With this approach members are exposed to higher growth assets and, theoretically, higher returns throughout their working life.

The advantage of this strategy is that those who have smaller account balances or have a long time until they retire may end up with more in their pocket. The downside is the more exposure you have to higher risk assets, the more vulnerable you are to a severe market downturn. This is especially the case for older workers. At the same time, many employees are comfortable with higher risk throughout their working life, if it means the possibility of higher returns.  

Around 80 per cent of Australians have their superannuation invested in this option.  

A lifecycle investment approach

By contrast, superannuation funds that offer a lifecycle investment strategy shift contributions from higher risk, growth investments when members are young, to lower risk investments when they are older.

Workers do not need to make changes in their fund strategy themselves. All changes are made automatically, by their superannuation fund, as employees get closer to retirement age.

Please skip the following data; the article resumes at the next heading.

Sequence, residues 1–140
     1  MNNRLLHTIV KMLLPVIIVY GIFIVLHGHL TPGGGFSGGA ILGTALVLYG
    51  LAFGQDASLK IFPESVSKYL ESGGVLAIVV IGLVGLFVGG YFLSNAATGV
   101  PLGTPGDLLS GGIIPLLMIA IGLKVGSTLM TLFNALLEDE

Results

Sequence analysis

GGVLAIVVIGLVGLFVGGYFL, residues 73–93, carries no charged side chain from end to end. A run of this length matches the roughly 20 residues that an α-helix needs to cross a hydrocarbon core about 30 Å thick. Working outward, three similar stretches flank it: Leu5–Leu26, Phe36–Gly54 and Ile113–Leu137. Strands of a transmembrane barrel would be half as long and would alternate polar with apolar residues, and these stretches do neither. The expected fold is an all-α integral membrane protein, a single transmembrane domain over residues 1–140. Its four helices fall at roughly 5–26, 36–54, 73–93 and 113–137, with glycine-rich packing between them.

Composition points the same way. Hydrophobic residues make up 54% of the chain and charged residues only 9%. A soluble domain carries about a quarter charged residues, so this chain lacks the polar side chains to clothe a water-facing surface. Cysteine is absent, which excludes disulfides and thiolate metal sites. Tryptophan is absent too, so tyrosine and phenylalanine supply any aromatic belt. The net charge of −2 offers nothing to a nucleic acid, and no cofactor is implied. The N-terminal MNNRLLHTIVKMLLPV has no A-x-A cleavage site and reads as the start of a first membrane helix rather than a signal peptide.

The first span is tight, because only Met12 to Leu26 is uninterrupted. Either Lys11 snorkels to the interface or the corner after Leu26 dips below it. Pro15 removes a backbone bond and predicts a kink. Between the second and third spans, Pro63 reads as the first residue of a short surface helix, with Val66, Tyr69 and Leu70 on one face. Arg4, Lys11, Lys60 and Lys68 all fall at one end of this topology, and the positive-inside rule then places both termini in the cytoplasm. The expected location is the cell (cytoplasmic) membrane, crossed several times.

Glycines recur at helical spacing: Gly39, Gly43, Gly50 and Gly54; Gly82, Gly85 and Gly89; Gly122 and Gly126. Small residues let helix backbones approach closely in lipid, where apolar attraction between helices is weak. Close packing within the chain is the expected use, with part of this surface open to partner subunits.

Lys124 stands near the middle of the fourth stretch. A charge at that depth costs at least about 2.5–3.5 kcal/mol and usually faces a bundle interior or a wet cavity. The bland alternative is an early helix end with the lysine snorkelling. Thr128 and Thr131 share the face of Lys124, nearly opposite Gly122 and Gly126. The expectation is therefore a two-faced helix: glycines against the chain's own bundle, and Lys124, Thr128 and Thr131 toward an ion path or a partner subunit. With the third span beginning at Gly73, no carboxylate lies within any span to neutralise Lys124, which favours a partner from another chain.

For example, when employees are under 40, between 70 and 85 per cent of their money may be invested in higher growth—and higher risk—investments but, between 55 and 64 years of age, less than 55 per cent of contributions may exposed to the same market forces.

The idea of course is that, when employees are young, their super fund can handle more market volatility; it has time to ride the ups and downs of the financial markets.

However, as employees get older, they may become more risk averse, seeking to protect the money they have built up over their working life. A lifecycle investment strategy  aims to protect savings as employees age.

Even with a lifecycle strategy, some funds now offer the ability to maintain or increase risk and, theoretically, increase return on investment, at every life stage.

For example, QSuper considers both age and superannuation balance in their lifecycle products.  

Choices based on knowledge

Clearly the onus is on the trustee to establish what strategy will provide their members  with the best, long-term result.

ASIC’s retirement planning tool allows workers to compare how varying returns will ultimately affect their superannuation balance.


This is part 1 of our 2 part series on lifecycle products published by AIST’s Super Talk You can read part 2 here >


Helen Hawkes

Helen is a content producer and who writes wellness and business content for newspapers, magazines and digital sites and helps clients with their content strategy. She also wellness consultantes private clients about a healthy diet, how to lose weight, how to overcome anxiety, how to cope with stress, how to get more sleep and how to improve general health.